On Sunday afternoon, April 16, 1775, a disastrous blaze swept down the west side of Haverhill’s Main street from Court street to Merrimack street at White's corner. Before the flames had been finally checked at nightfall, seventeen buildings in all had been destroyed. It was obvious that one engine would not hold back the ravages of such a fire. Among the principal structures lost were a large brick tavern of John White, the stores of Joseph Dodge and James Duncan, a distillery, and several residences.

Handtubs Supplied Water by Bucket Brigade



            On New Years day, 1847, the first parish meeting house (Unitarian church), located on the Common, caught fire. The flames had gained much headway before the handtubs arrived.  The roads were in bad condition and "Veto," the Bradford East Parish engine, arrived at the fire too late to be of any service.


            The Haverhill handtubs were supplied water from the river by a bucket brigade made up of men, women, and children.  Despite their heroic efforts, they were unable to save the edifice, which had been erected only ten years earlier.  The fire caused twelve thousand dollars damage, including the loss of a fine organ and the town clock. The Haverhill firefighters thanked and complimented the Bradford company for responding so quickly to the alarm.  The handtub "Veto" and company were returned home to East Bradford on a horse sled by Haverhill’s Chief Engineer; Rufus Slocomb, they crossed the river on the ice at chain ferry, which was owned and operated at the time by George Mitchell, Sr.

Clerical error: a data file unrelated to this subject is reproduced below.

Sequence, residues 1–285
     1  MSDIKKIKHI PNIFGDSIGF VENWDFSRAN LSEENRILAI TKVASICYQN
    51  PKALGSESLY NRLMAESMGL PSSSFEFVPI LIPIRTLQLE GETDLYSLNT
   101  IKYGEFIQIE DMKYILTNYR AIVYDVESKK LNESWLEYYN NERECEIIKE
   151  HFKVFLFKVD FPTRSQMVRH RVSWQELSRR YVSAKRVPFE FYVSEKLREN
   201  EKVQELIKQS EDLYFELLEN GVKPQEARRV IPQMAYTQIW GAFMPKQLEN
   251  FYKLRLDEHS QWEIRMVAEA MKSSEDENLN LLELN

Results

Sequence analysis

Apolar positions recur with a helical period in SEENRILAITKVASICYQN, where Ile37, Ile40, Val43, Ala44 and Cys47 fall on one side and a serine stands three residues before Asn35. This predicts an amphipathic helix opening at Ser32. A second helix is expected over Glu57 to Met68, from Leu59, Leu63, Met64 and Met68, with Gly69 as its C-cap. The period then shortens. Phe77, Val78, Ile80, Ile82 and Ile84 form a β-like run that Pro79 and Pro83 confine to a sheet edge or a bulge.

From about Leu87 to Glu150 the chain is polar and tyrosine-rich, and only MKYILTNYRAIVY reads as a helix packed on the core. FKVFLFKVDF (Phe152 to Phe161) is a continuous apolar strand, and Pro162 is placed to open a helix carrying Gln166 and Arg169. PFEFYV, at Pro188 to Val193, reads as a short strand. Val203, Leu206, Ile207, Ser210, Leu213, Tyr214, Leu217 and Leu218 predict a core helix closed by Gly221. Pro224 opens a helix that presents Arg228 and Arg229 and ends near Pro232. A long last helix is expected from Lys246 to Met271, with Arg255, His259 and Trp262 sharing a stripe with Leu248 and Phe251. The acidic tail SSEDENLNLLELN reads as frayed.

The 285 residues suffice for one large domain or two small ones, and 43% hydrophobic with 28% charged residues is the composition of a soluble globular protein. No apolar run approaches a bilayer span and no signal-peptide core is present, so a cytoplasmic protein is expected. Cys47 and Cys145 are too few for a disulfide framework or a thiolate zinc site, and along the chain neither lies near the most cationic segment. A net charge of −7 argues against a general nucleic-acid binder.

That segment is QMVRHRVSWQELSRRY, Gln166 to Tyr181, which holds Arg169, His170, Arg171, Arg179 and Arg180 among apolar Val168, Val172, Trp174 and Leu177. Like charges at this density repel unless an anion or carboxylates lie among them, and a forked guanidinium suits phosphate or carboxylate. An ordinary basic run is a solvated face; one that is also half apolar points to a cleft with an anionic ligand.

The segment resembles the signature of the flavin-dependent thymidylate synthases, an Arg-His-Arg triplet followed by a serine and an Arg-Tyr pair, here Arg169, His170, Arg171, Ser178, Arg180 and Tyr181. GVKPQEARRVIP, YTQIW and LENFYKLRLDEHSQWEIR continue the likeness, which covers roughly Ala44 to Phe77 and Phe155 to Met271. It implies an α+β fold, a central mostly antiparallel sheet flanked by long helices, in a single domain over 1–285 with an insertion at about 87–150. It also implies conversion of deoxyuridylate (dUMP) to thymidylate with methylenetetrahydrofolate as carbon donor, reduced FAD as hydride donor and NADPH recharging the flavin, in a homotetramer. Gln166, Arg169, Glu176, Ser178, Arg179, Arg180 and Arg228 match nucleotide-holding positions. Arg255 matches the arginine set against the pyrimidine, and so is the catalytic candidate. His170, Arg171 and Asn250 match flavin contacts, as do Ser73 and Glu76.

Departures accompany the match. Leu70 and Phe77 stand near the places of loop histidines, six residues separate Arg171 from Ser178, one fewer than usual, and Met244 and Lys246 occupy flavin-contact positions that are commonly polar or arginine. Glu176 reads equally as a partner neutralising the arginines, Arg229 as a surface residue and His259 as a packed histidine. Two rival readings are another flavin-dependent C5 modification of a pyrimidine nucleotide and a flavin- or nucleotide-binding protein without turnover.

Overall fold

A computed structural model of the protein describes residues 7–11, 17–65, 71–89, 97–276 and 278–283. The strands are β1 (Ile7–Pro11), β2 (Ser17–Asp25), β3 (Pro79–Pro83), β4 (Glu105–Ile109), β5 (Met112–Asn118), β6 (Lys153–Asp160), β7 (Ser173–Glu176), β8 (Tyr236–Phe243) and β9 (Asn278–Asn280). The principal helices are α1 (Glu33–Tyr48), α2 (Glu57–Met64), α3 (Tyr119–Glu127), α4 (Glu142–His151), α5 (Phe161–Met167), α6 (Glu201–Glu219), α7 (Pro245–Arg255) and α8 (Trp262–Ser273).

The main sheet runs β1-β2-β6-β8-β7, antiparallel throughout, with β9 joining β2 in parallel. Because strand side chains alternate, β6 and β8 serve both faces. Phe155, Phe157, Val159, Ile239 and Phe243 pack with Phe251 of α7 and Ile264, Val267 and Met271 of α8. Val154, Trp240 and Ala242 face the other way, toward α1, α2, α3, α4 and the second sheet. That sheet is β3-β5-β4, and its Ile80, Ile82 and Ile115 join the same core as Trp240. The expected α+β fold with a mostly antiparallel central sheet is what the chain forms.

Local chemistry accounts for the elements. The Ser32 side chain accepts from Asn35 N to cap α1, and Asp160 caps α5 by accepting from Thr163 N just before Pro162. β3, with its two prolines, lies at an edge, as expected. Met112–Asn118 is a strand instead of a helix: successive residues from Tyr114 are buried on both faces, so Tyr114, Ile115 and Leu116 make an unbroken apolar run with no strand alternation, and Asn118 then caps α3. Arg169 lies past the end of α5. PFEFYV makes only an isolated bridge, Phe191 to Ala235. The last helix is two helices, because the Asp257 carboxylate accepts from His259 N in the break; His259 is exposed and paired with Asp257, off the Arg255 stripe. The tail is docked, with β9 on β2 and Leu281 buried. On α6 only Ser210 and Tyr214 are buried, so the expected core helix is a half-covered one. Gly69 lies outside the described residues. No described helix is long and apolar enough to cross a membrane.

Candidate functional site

Later that year, the Stage street stables burned; the same method of obtaining water was used, with similar results.  This time, however, the flames were prevented from spreading to adjacent buildings. 



Bradford’s “Franklin” Handtub




            In 1855, an independent engine company in West Bradford was formed. It purchased a new first-class handtub from the William Jeffers company In Pawtucket, Rhode Island, for $1200 and christened it the "Franklin."  The "Franklin" responded to its first alarm of fire on the morning of February 20, 1856. The fire, in Haverhill, involved a building and an adjoining stable on Fleet street. While Haverhill engines pumped water from the river, the "Franklin" connected to the town pump, opposite town hall, and played through Court street, saving the stable. See Table G  in the appendix for Bradford’s original list of Franklin engine company members.




The Oliver Roberts Fire